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Wednesday, 19 September 1973
Page: 1251

Mr KELLY (Wakefield) - When this debate began I had considerable sympathy for the Minister for Immigration (Mr Grassby) because he would not be the first Minister who, acting for another Minister, has picked up a Bill with whose contents he was not fully au fait. I would be the first to admit that I made mistakes in my time as a Minister. I would have thought more of the Minister if on this occasion he had admitted quite frankly that he had an unfortunate conjunction of circumstances. Firstly, when he introduced the Bill he said that the money raised would be used for meat inspection, but we now find that it is to be used for brucellosis testing as well. But as I say, everybody makes mistakes, and I think that If the Minister for Immigration had admitted on this occasion that he had made a mistake we all would have thought more of him.

What I think was his fault has been compounded now that we have had a clear exposition by the honourable member for New England (Mr Sinclair) followed by the honourable member for Corangamite (Mr Street), who said that the difficulty is that under this Bill a payment will be made for something which we now find is different from the original purpose of the Bill. But allowing for that, the charge will be levied on the figure for estimated exports. Whoever pretends that he can get those figures right, as the honourable member for Corangamite says, is kidding himself. Indeed, what would happen if we had a complete change-about in the Australian scene? Even the Minister for Immigration would not pretend that he has any influence in this matter. We would have a complete alteration in, the amount of funds collected. I think it is. completely proper that there should be a trust fund into which moneys collected could be paid so they will be used for the intended purpose. We have no complaint that the industry is paying for tuberculosis and brucellosis eradication. We want to make certain that the money raised will be used for that purpose.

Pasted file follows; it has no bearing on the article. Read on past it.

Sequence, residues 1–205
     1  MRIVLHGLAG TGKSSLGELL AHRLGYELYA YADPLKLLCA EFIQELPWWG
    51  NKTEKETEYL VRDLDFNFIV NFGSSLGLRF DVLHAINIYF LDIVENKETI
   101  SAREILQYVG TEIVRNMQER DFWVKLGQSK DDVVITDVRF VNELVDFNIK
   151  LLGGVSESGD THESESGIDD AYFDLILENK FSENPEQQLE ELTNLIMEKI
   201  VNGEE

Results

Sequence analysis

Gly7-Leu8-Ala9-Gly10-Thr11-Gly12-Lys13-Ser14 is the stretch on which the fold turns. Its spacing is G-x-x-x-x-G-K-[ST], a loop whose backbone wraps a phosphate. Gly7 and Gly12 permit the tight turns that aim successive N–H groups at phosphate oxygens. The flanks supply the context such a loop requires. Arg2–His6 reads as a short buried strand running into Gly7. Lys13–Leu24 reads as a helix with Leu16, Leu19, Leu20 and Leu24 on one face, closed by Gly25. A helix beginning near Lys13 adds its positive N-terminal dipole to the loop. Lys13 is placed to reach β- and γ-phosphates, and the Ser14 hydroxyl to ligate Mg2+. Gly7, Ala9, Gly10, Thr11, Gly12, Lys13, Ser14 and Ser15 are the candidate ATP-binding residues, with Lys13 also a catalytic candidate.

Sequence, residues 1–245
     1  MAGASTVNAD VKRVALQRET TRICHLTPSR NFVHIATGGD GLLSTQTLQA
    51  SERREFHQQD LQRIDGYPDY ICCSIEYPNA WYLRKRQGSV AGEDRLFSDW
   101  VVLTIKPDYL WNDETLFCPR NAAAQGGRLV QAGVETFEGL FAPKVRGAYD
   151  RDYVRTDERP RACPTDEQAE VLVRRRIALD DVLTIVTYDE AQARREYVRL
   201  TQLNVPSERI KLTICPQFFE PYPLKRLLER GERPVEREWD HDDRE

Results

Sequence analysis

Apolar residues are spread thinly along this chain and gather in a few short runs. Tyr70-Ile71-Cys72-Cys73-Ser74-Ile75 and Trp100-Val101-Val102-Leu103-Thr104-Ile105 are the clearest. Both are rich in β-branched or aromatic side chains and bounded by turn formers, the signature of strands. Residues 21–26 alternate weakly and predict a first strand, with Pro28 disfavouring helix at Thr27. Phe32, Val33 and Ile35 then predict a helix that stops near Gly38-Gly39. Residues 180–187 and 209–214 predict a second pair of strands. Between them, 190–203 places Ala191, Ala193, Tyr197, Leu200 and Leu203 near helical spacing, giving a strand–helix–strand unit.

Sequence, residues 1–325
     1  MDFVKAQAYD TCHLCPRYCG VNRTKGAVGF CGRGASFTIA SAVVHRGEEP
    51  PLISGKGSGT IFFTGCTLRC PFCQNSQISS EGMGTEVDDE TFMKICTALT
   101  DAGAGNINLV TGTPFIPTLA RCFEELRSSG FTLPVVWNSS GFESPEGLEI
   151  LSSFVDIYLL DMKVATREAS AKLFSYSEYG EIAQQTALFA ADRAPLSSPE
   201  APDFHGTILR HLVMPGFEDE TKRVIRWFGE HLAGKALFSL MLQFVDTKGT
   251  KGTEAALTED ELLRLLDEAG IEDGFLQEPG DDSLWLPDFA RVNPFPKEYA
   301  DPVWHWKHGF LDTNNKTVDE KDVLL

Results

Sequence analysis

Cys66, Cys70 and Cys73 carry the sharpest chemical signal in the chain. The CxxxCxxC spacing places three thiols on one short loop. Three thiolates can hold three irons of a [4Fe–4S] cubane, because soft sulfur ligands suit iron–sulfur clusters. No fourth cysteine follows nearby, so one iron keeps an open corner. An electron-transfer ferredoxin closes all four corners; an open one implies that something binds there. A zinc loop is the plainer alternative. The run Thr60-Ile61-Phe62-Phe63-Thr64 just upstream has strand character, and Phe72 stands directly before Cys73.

I always think it is a silly thing that governments of whatever complexion will not admit they have made little mistakes. On this occasion a little mistake has been made in detail in some respects and ought to be recognised by the Government. Earlier in the life of this Parliament an honourable member opposite stated that the Government would not behave as if it received directions from on high; that if it made a mistake it would recognise it. This process of forming a trust account is quite a common process. All we seek to do is to ensure that the money that is collected is used for the purpose for which it is collected and is kept for that purpose. In offering friendly, fatherly advice to the Minister for Immigration I say that, if he would recognise, firstly that he made a mistake when he introduced the Bill and, secondly, that the formation of a trust fund is the common way of ensuring that moneys are used for the purpose for which they are intended, we all would think more of him. I repeat that I started off with some sympathy for him. It is now gradually evaporating. I am now seeing him more as a scarlet-breasted budgie bouncing around on a bough. I hope he would see the opportunity to redeem himself not only in our eyes but in the industry's eyes by accepting the very sensible and responsible amendment moved by the honourable member for New England.

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